Readout of HHS Secretary Becerra’s Roundtable Meeting with Organizations Supporting Survivors of Domestic Violence and Human Trafficking
Secretary Becerra Reiterated the Biden-Harris Administration’s Commitment to Center the Needs of Survivors of Domestic Violence and Human Trafficking
On Wednesday, April 26th, U.S. Department of Health and Human Services (HHS) Secretary Xavier Becerra participated in a roundtable discussion with organizations working with HHS’ new Office of Family Violence Prevention and Services (OFVPS) and the Office on Trafficking in Persons (OTIP) to support survivors of domestic violence in local communities. At the meeting, Secretary Becerra was joined by Rosie Hidalgo from the White House Gender Policy Council, Administration for Children and Families (ACF) Assistant Secretary January Contreras, Director of the Office on Trafficking in Person (OTIP) Katherine Chon, and Director of the Office of Family Violence Prevention and Services (OFVPS) Shawndell Dawson.
The Biden-Harris Administration has made historic progress in centering the needs of survivors of domestic violence. The group discussed the establishment of the new Office of Family Violence Prevention and Services (OFVPS) in HHS and the role it will play in developing more integrated service models around violence and abuse across HHS agencies and divisions. This new office will extend ACF’s commitment to prevention programs, survivor services, and a whole-family approach to delivering resources and support programs for survivors. The group also discussed working together to develop additional strategies for expanding supports for survivors within local communities and health and behavioral health programs.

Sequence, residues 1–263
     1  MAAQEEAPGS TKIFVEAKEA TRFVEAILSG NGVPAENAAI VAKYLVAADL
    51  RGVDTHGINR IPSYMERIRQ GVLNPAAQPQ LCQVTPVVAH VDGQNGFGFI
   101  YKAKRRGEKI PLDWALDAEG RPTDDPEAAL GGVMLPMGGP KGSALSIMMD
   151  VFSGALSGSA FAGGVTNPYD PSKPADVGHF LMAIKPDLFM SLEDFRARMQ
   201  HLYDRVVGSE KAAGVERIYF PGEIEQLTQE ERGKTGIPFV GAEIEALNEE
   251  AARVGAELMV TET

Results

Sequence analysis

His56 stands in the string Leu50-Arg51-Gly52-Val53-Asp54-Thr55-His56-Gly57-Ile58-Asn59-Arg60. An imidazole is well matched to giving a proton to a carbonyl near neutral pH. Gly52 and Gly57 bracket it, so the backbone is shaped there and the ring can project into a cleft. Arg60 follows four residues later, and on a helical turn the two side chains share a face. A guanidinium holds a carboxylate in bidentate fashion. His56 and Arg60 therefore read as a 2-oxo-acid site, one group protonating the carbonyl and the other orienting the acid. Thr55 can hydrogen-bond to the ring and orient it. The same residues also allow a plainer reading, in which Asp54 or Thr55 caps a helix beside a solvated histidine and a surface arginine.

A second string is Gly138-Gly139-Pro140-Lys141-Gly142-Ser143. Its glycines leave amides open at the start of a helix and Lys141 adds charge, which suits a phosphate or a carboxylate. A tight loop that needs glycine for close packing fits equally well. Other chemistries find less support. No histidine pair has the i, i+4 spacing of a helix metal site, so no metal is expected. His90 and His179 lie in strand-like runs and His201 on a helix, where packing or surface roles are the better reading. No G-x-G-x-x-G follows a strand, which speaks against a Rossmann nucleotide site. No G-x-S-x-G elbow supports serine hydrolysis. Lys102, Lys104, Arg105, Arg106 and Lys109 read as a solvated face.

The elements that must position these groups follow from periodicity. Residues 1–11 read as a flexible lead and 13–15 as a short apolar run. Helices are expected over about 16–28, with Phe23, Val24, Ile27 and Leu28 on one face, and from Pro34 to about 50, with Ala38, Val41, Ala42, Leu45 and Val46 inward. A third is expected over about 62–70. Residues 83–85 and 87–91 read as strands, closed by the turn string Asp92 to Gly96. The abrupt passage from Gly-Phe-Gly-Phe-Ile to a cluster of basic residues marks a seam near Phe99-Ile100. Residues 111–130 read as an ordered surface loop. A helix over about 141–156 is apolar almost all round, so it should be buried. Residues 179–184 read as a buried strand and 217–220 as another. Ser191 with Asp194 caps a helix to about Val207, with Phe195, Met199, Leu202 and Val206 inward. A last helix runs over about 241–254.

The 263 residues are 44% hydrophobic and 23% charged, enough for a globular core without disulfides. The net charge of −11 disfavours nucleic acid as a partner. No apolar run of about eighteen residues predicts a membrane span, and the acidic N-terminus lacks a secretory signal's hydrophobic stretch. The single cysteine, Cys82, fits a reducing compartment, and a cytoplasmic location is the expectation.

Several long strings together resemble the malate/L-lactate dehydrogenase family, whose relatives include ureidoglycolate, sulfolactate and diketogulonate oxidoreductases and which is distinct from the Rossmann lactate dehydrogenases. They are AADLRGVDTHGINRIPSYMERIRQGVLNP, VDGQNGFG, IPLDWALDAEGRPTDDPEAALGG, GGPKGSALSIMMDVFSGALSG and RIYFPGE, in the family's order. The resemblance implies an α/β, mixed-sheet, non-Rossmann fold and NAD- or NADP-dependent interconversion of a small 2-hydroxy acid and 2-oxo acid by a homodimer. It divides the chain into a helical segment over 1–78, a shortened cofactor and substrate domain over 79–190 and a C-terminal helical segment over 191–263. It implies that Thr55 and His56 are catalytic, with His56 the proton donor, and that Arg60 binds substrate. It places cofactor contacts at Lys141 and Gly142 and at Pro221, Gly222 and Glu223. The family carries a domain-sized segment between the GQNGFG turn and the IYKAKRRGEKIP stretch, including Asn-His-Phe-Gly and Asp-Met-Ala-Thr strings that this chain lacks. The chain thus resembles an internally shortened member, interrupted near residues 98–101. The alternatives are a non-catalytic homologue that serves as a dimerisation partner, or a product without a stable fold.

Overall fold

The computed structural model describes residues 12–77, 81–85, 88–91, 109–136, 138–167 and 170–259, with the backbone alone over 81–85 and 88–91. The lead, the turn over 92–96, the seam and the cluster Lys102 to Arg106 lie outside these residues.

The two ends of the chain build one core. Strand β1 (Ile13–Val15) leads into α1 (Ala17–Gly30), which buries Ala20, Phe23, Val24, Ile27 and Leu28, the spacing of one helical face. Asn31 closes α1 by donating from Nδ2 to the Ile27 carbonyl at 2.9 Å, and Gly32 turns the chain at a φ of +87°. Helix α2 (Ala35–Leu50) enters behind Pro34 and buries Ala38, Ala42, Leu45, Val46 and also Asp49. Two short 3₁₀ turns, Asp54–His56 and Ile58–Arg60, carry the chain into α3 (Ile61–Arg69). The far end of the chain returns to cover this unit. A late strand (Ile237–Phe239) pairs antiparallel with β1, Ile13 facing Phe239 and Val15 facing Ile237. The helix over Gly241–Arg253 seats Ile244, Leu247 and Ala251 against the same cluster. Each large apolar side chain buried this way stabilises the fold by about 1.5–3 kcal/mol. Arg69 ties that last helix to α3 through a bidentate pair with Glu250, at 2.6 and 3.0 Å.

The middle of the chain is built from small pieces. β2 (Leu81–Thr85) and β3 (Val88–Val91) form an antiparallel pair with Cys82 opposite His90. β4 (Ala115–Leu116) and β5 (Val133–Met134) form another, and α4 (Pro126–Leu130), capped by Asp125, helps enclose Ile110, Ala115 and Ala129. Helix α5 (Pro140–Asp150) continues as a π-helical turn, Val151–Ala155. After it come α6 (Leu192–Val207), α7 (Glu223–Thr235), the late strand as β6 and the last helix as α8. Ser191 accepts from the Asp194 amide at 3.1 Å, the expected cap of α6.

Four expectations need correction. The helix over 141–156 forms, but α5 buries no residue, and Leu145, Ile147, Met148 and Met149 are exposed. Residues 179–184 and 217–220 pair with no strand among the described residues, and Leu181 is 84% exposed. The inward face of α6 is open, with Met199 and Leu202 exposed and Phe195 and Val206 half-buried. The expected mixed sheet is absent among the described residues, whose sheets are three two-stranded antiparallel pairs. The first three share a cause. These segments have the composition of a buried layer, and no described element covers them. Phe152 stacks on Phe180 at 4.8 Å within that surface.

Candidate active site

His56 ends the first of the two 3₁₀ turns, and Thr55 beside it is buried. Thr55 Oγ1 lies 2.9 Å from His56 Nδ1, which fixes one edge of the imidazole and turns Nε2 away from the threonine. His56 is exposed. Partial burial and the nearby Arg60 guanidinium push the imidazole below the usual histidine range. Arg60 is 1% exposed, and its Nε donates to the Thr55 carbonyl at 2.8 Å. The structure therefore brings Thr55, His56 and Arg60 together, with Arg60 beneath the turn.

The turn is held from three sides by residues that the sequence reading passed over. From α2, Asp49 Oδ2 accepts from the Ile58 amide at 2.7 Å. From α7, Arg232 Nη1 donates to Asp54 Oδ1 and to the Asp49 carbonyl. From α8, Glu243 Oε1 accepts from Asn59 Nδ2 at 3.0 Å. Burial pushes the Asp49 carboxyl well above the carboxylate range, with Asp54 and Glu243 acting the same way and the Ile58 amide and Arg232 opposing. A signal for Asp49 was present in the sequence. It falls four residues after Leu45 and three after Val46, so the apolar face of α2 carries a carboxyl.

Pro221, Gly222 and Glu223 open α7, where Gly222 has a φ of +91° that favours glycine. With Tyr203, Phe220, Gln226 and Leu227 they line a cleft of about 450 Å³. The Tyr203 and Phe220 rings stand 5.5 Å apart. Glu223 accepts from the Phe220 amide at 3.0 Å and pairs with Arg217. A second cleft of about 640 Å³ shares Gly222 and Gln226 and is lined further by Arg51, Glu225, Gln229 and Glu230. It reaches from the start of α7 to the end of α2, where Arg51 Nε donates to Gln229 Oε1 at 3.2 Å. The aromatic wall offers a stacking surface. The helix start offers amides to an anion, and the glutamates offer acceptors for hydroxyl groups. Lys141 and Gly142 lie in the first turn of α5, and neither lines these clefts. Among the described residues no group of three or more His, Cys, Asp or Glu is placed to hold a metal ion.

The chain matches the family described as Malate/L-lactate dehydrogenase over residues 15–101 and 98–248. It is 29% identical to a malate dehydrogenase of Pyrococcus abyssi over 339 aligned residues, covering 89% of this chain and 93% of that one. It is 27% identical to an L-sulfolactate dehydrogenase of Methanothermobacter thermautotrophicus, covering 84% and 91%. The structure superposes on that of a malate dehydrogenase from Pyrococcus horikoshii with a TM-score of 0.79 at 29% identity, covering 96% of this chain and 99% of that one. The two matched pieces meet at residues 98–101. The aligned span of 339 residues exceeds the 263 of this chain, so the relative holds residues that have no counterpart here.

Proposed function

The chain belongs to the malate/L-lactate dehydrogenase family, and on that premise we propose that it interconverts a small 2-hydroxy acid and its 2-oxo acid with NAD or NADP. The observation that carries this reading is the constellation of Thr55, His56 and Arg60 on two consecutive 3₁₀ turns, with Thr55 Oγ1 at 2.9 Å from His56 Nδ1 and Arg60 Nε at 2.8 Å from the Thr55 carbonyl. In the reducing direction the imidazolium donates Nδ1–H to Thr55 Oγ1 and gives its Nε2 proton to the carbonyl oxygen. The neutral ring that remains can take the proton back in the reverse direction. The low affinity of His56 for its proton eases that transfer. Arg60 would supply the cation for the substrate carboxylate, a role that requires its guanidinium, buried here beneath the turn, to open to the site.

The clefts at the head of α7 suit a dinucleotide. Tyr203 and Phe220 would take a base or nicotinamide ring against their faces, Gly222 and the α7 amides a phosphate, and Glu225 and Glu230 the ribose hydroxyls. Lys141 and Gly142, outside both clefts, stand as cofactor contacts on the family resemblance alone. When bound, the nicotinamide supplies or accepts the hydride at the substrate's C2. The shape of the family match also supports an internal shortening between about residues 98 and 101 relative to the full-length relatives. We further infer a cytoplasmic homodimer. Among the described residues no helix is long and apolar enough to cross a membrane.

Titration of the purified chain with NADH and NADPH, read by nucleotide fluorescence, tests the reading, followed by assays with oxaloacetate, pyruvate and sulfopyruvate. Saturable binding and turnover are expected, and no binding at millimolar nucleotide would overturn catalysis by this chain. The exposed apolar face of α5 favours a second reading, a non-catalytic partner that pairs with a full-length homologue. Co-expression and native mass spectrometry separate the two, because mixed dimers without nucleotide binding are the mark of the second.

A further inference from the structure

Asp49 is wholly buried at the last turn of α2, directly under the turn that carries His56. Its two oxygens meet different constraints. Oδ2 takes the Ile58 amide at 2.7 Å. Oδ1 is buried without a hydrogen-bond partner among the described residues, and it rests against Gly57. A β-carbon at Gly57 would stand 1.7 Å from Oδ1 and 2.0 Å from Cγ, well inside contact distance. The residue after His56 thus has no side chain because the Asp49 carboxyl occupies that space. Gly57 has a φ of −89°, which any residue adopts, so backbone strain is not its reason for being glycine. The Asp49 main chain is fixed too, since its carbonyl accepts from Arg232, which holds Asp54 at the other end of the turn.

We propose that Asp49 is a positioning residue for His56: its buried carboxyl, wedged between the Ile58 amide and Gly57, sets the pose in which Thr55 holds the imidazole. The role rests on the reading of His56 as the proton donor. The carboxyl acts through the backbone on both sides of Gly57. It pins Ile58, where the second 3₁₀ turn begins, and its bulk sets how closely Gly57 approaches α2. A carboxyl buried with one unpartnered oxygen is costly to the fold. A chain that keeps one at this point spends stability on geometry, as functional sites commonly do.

In 2021, the Biden-Harris Administration allocated close to $1 billion in American Rescue Plan (ARP) funding to support survivors of domestic violence – and for the first time - sexual assault services. This funding included an investment in domestic violence shelters, supportive services, tribes, culturally specific programs, rape crisis centers, and sexual assault programs to support sexual assault survivors impacted by the COVID-19 public health emergency. These funds will remain available until expended through September 30, 2025.
The Biden-Harris Administration is committed to implementing programs that proactively address the underlying causes that put people at risk for violence and investing in essential services that strengthen safety, stability, and self-sufficiency.
The following participants joined the roundtable:
- Xavier Becerra, HHS Secretary
- Rosie Hidalgo, Senior Advisor on Gender-Based Violence and Special Assistant to the President, White House Gender Policy Council
- Assistant Secretary January Contreras, Administration for Children and Families (ACF)
- Katherine Chon, Director of the Office on Trafficking in Person (OTIP), ACF
- Shawndell Dawson, Director of the Office of Family Violence Prevention and Services (OFVPS), ACF
- Meg Sullivan, Counselor to the Secretary
- Jennifer Longmire-Wright, Acting Director and Deputy Director at Free Aware Inspired Restored (FAIR) Girls, Washington D.C.
- Karma Cottman, Chief Executive Office at Ujima Inc.: The National Center on Violence Against Women in the Black Community
- Sala Fuchs, Chief Operating Officer at the National Domestic Violence Hotline
- Paula Fitzgerald, Executive Director at Ayuda
- Shannon Holsey, President of the Stockbridge-Munsee Band of Mohican Indians and Co-Chair of the National Congress of American Indians Violence Against Women Act Task Force
- Casey Swegman, Director of Public Policy at Tahirih Justice Center
- Eskinder Negash, President and CEO at the U.S. Committee for Refugees and Immigrants
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